Cotswold Cowslips

I never did get to see the fritillary fields of Oxford and the Upper Thames. Perhaps next year. If fritillaries are the flowers of the lowlands (albeit rare) then it has to be the cowslip that can lay claim to the title for the hills of the Cotswolds. These little, short stemmed wild primulas (Primula veris) have a simple beauty – they look good growing in the garden but even better in the fields and hedgerows where they belong.


Cowlsips grow in plenty in the secret valley and I have noticed this year that they abound along the old drovers road, as do bluebells – don’t they look good growing in combination? Is this because these green lanes are never sprayed with chemicals and the thick hedgerows that line them prevent any spray drift from reaching? The field below is at the top of the secret valley and is a haven for wild flowers – soon there will be orchids showing. The farmer likes to see them so has never tried to ‘improve’ the ground in the agricultural sense and, as a consequence, the field is also full of birds and bees and butterflies.


However, to see the truly stunning cowslip meadows, you have to travel out of the secret valley. Just a few miles up the road is this field where the cowslips grow in the tens of thousands, so dense that it is impossible to walk without trampling several plants at once. Few people see them as they are ‘off the beaten track’ which is a pity in some respects, for they should be enjoyed and marvelled over.

The scent of cowslips is subtle but, when growing in these huge numbers, it wafts over in waves on gentle, warm breezes, a heady mix of hay and honey. This gives cowslip wine, a traditional drink, its characteristic taste and potency. Made from many hundreds of flower heads it is now rarely made as, fortunately, most people now understand the importance of preserving our native flora and fauna. This has benefitted the cowslips, which were once quite an uncommon sight, as they are left to multiply with these spectacular results.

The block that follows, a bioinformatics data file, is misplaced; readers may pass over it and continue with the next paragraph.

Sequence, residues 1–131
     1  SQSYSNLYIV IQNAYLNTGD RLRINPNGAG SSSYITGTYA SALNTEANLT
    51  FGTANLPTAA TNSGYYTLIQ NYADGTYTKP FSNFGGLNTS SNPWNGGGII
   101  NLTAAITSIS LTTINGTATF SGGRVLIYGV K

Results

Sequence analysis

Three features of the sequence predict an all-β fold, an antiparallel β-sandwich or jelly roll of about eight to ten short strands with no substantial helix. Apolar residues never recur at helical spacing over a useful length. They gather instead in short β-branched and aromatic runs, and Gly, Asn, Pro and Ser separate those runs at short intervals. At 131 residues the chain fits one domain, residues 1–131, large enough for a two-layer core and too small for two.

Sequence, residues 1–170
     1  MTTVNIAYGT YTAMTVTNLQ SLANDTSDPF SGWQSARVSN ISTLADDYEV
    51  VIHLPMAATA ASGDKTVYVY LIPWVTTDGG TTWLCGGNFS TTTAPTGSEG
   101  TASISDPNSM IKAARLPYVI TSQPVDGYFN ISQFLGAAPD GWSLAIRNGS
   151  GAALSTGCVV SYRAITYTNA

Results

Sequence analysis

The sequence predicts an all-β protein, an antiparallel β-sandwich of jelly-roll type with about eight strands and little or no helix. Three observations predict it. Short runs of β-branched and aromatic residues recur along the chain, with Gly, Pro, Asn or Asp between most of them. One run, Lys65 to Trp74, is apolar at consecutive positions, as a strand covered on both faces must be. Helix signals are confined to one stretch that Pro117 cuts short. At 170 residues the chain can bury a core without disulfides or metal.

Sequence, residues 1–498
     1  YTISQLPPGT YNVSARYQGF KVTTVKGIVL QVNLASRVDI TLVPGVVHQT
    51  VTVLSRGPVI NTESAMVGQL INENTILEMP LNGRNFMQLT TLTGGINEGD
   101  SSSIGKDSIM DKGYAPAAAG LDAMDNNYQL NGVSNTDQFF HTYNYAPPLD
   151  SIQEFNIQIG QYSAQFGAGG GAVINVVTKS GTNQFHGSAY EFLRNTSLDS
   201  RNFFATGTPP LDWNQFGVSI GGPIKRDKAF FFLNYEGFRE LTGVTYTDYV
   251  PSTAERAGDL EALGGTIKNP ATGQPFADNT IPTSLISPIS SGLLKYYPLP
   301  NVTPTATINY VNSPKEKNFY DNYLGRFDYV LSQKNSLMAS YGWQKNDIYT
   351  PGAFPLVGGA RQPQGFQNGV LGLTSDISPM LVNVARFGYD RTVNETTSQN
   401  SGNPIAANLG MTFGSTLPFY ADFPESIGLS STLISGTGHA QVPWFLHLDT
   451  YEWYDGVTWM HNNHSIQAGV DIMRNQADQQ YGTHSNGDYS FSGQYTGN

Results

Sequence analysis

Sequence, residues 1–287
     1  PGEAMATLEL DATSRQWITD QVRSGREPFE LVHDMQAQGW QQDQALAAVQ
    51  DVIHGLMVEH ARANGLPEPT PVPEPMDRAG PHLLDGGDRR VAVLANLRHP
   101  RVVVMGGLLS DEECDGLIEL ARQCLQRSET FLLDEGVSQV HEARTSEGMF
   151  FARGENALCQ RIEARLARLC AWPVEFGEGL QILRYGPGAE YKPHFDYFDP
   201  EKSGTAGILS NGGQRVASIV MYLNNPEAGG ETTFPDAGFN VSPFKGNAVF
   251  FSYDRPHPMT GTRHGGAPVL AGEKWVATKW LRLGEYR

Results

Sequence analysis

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7 thoughts on “Cotswold Cowslips

  1. Gerry, Kathy & Martha – This year seems especially good for roadside cowslips and it is good to see them increasing in numbers. At one time, I thought they might become a rarity with spraying and digging up. I can't imagine, Martha, phlox growing in roadside verges – here, we nurture them in our garden borders.Bernie & Chris – I love seeing them in gardens too and I can't think why they shouldn't succeed as they are not too fussy. Perhaps slugs or vine weevils destroyed yours, Chris.Thanks as always for taking the time to comment.Johnson

  2. When we lived in Windsor, Nova Scotia, Canada)))not England)…these lovely flowers grew out of the lawn…and so I would dig them up and put them in the garden beds because I loved them so. If I remember correctly, there were orange/yellow ones as well. It is rare to see them here in our area, most folks preferring the modern primulas. I imagine ours originated in England as Windsor is an old town, and they found their way to Canada. Of that, I am totally unsure but it seems a sensible thought. I have never seen a field of cowslips, so thank you for the beautiful photos.

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